Showing, promoting, and selling including marketing strategy, product demonstration, sales techniques, and sales control systems.

  17. Public safety and security

    30% Skill level

    Use of equipment, rules and ideas to protect people, data, property, and institutions.

  18. Transportation

    27% Skill level

    Moving people or goods by air, rail, sea, or road.

  19. Foreign language

    27% Skill level

    Foreign (non-English) language including the meaning and spelling of words, rules of composition and grammar, and pronunciation.

  20. Telecommunications

    13% Skill level

    Transmission, broadcasting, switching, control, and operation of telecommunications systems.

Skills

Skills can be improved through training or experience.

  1. Social perceptiveness

    75% Skill level

    Understanding why people react the way they do.

  2. Active listening

    68% Skill level

    Listening to others, not interrupting, and asking good questions.

  3. Reading comprehension

    61% Skill level

    Reading work related information.

  4. Serving others

    61% Skill level

    Looking for ways to help people.

  5. Speaking

    61% Skill level

    Talking to others.

  6. Writing

    61% Skill level

    Writing things for co-workers or customers.

  7. Coordination with others

    59% Skill level

    Being adaptable and coordinating work with other people.

  8. Critical thinking

    59% Skill level

    Thinking about the pros and cons of different ways to solve a problem.

  9. Judgment and decision making

    57% Skill level

    Figuring out the pros and cons of different options and choosing the best one.

  10. Active learning

    55% Skill level

    Being able to use what you have learnt to solve problems now and again in the future.

  11. Monitoring

    55% Skill level

    Keeping track of how well work is progressing so you can make changes or improvements.

  12. Learning strategies

    54% Skill level

    Figuring out the best way to teach or learn something new.

  13. Complex problem solving

    52% Skill level

    Noticing a problem and figuring out the best way to solve it.

  14. Persuasion

    52% Skill level

    Talking people into changing their minds or their behaviour.

  15. Systems evaluation

    52% Skill level

    Measuring how well a system is working and how to improve it.

  16. Time management

    50% Skill level

    Managing your own and other peoples' time to get work done.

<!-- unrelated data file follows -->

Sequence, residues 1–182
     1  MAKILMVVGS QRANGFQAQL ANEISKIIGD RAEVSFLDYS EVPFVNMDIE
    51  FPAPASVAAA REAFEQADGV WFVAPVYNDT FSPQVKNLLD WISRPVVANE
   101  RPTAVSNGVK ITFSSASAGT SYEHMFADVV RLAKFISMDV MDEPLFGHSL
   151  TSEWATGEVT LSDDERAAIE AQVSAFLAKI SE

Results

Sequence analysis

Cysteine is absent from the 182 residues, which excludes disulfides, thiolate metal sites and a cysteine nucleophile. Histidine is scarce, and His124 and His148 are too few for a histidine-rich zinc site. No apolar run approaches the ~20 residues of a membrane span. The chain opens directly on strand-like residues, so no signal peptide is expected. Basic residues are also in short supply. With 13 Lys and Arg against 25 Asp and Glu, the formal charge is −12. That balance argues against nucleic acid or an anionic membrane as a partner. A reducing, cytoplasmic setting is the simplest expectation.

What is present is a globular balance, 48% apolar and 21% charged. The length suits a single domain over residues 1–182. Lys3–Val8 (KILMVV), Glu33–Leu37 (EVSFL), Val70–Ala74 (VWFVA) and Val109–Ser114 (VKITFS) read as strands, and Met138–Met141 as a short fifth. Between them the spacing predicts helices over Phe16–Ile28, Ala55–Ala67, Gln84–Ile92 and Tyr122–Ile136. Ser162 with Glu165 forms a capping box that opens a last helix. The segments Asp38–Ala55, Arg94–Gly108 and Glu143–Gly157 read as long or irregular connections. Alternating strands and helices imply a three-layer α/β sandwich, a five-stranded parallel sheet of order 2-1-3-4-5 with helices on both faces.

17. Instructing

    46% Skill level

    Teaching people how to do something.

  18. Management of personnel resources

    46% Skill level

    Motivating, developing, and directing people as they work, and choosing the best people for the job.

  19. Operations analysis

    46% Skill level

    Understanding needs and product requirements to create a design.

  20. Negotiation

    43% Skill level

    Bringing people together and trying to sort out their differences.

Abilities

Workers use these physical and mental abilities.

  1. Oral comprehension

    64% Skill level

    Listen to and understand what people say.

  2. Oral expression

    63% Skill level

    Communicate by speaking.

  3. Problem spotting

    63% Skill level

    Notice when something is wrong or is likely to go wrong, even if you can't solve the problem.

  4. Deductive reasoning

    61% Skill level

    Use general rules to find answers or solve problems logically.

  5. Speech recognition

    61% Skill level

    Identify and understand the speech of another person.

  6. Written comprehension

    61% Skill level

    Read and understand written information.

  7. Written expression

    61% Skill level

    Write in a way that people can understand.

  8. Inductive reasoning

    57% Skill level

    Use lots of detailed information to come up with answers or make general rules.

  9. Brainstorming

    55% Skill level

    Come up with a number of ideas about a topic, even if the ideas aren't very good.

  10. Near vision

    55% Skill level

    See details that are up-close (within a few feet).

  11. Speech clarity

    54% Skill level

    Speak clearly so others can understand you.

  12. Categorising

    52% Skill level

    Come up with different ways of grouping things.

  13. Originality

    52% Skill level

    Come up with unusual or clever ideas, or creative ways to solve a problem.

  14. Sorting or ordering

    48% Skill level

    Order or arrange things in a pattern or sequence (e.g., numbers, letters, words, pictures, mathematical operations).

  15. Far vision

    45% Skill level

    See details that are far away.

  16. Flexibility of closure

    45% Skill level

    See a pattern (a figure, object, word, or sound) hidden in other distracting material.

  17. Selective attention

    43% Skill level

    Pay attention to something without being distracted.

  18. Speed of recognition

    43% Skill level

    Quickly make sense of and organize things you can see like letters, numbers, pictures, or other things.

  19. Memorization

    41% Skill level

    Remember things like words, numbers, pictures, and procedures.

  20. Multitasking

    41% Skill level